Statistical Analysis
Percentages were calculated for categorical variables. Mean and Standard deviations are calculated with 95% confidence interval for the age of the patients. T-test was performed for positive and negative patients among different age groups. P value of d”0.05 was considered to be statistically significant. Statistical analysis was carried out using Graph Pad Quick Calcs (GraphPad Software, San Diego, CA).

RESULTS

Mean and SD age of the patients was 34.04 (SD=7.55) with 95% confidence interval (30.7 – 36.3). For positive patients, Mean and SD was 32.8 (SD=6.50) (95% C.I. 30.2 – 35.4) and for the negative patients 34.7 (SD=8.3) (95% C.I. 31.1 – 38.8). Seventeen patients had single pathogen isolation (U. parvum – 11, U. urealyticum – 4 and M. hominis – 2). Three patients had dual infections (U. parvum + M. hominis – 2 and U. parvum + T. vaginalis – 1). Another three patients showed evidence of infection with three pathogens viz., U. parvum + U. urealyticum + M. hominis. Ct values ranged from 19.00 to 32.00. Statistical significance was not observed between the multiplex qPCR positive and negative patients among the different age groups and the t-value is -0.87. (p=0.391217).

DISCUSSION

Four different commercial kits are available globally for diagnosing infection by the seven STI pathogens. These kits have been validated using appropriate controls. They include Seegene Allplex24-25, Anyplex24,26-28, Amplicor29 and Amplisens30. Regarding the Fast track FTD Urethritis Plus kit, this has been validated by overseas workers and found to be satisfactory21-23. These authors have compared the results of Multiplex qPCR with the gold standard culture for C. trachomatis, N. gonorrhoea, Mycoplasma and Ureaplasma. Microscopy was done for confirming T. vaginalis17-23. None of these five kits are available in India at present. Fast track FTD Urethritis Plus kit was imported and used by us for this preliminary research purposes. This kit has picked up 59.1% positivity among 41 symptomatic non-pregnant women of Pondicherry. It is interesting to note that none of our patients were positive for gonorrhoea or genital chlamydiasis. However, different authors across India reported a prevalence rate ranging from 6.8% – 7.7%7,8,31 for gonorrhoea and 1.6% – 23.0%30-32 for C. trachomatis. From Pondicherry itself 0%11 and 2.3%7positivity was reported for CT and NG respectively by detection of their corresponding antigen in endocervical swabs. Regarding the role of other pathogens like Mycoplasma and Ureaplasma, Indian reports are few and far between. Saigal et al from Delhi reported detection of MG, MH, CT and UU in PCR, with the prevalence of 1.2%, 5.4%, 6% and 15.2% of symptomatic women respectively10. The role of Ureaplasma as a STI pathogen needs further debate and research since these organisms are also isolated from non-symptomatic healthy women and men15,29,30. Since FTD Urethritis Plus kit is for research use only (RUO) as indicated by the manufacturers of the kit, we have advised our Gynecologists to correlate our PCR results with clinical conditions. Our earlier finding of 0% positivity for C. trachomatis antigen in the endocervical samples of the women of Pondicherry in 2010-201211 is similar to the present scenario.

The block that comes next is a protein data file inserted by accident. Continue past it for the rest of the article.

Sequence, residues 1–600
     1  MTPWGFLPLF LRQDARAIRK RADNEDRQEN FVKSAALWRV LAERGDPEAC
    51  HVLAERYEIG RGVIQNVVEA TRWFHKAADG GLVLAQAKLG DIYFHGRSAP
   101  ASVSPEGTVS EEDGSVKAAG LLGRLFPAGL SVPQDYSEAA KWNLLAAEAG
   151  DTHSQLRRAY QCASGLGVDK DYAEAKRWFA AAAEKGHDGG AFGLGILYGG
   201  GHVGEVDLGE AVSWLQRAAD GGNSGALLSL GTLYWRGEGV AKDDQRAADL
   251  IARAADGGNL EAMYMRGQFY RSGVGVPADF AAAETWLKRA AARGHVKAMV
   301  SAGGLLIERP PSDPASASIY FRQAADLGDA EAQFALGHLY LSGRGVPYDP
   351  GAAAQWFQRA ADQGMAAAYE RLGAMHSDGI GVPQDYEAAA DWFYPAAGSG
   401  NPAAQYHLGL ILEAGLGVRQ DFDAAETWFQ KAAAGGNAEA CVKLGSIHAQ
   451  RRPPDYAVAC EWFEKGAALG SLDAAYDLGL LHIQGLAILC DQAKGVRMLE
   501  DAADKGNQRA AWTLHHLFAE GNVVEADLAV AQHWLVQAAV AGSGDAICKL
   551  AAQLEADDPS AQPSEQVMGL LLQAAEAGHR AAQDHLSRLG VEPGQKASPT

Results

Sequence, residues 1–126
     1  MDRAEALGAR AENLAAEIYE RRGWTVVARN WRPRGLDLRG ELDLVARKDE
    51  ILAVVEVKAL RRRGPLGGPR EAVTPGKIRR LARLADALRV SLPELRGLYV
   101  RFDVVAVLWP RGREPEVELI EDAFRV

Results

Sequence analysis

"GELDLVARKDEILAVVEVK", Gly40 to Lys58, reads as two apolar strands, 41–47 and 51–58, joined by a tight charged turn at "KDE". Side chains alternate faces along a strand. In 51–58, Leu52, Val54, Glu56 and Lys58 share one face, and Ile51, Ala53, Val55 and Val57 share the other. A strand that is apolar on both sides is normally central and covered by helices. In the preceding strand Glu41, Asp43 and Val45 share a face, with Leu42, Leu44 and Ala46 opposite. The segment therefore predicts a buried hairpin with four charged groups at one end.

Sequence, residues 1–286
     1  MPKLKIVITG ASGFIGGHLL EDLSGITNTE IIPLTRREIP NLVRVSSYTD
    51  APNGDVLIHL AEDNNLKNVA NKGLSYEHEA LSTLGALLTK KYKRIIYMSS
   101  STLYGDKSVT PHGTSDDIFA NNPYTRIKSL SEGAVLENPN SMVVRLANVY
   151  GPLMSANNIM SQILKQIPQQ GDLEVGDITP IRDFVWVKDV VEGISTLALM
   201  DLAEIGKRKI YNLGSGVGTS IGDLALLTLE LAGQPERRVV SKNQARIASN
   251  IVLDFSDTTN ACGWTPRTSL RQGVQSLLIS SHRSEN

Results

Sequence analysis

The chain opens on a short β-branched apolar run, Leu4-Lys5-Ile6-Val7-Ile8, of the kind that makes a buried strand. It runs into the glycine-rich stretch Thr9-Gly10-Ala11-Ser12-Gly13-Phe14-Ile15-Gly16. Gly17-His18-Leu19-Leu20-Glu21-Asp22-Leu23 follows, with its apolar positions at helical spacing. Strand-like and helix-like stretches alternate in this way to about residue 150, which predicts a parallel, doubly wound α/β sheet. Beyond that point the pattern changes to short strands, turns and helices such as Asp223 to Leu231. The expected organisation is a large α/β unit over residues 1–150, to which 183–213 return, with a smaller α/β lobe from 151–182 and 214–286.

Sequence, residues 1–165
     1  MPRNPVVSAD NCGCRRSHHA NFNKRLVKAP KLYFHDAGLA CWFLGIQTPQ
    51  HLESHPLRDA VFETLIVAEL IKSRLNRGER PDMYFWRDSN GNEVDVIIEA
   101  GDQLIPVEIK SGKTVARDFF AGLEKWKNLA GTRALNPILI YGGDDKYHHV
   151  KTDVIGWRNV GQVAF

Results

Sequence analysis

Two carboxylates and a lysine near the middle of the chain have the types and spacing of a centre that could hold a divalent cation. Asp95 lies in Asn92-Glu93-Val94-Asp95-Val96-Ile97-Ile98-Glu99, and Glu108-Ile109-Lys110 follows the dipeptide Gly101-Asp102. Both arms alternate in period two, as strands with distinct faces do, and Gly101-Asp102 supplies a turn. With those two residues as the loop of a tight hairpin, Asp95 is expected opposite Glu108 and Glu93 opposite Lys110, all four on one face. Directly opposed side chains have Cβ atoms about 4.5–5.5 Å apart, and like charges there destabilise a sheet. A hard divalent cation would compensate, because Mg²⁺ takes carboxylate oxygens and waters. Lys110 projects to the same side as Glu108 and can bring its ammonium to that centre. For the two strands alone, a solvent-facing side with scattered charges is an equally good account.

CONCLUSION

A major limitation of the study was the small number of samples (n=41). This is a time bound study over a period of seven months. Convenient Sampling was carried out. Consecutive patients fulfilling the inclusion and exclusion criteria were enrolled in the study. A large number of symptomatic as well as asymptomatic women may be included in future studies for exploring the prevalence of the seven STI pathogens. This may be taken up as a follow-up research to get a better understanding of the burden of these pathogens in the women of Puducherry.

Declarations

Acknowledgements
The authors acknowledge with thanks the financial support and encouragement provided by the Chairman, Vice-Chancellor, Dean of Faculty, Dean Research and Dean, Mahatma Gandhi Medical College & Research Institute, Sri Balaji Vidyapeeth (SBV) Deemed-to be- University for providing SBV Faculty Research Fund to the First author (SS).

Conflict of Interest
The author declares that there are no conflict of interest.

Author’s Contribution
SS, SG, BS and RS did research conception and design work. PJ and RC performed the experiments. AV, SC and SH completed data acquisition. SS, SG, RS, PJ, RC, AV, SC and SH did data analysis and interpretations. SS and PJ drafted the manuscript. SS, SG, RS, PJ, RC, AV, SC and SH completed the critical revision of manuscript. All authors approved the final version of manuscript for publication.

Funding
The first author (SS) has received Faculty Research Fund from Sri Balaji Vidyapeeth (SBV), Deemed-to-be-University. Grant No: Dean (R) Res.grants-Seed money – Faculty/2018/445 dated: 19.12.2018.

Data Availability
Data is available in the Department of Microbiology and Central Interdisciplinary Research Facility, all datasets could be provided if necessary to anyone on reasonable request.

Ethics Statement
This research work has been approved by Institutional Human Ethics Committee (IHEC) (Approval Number: Faculty Project/2018/09/17 dated 24/09/2018).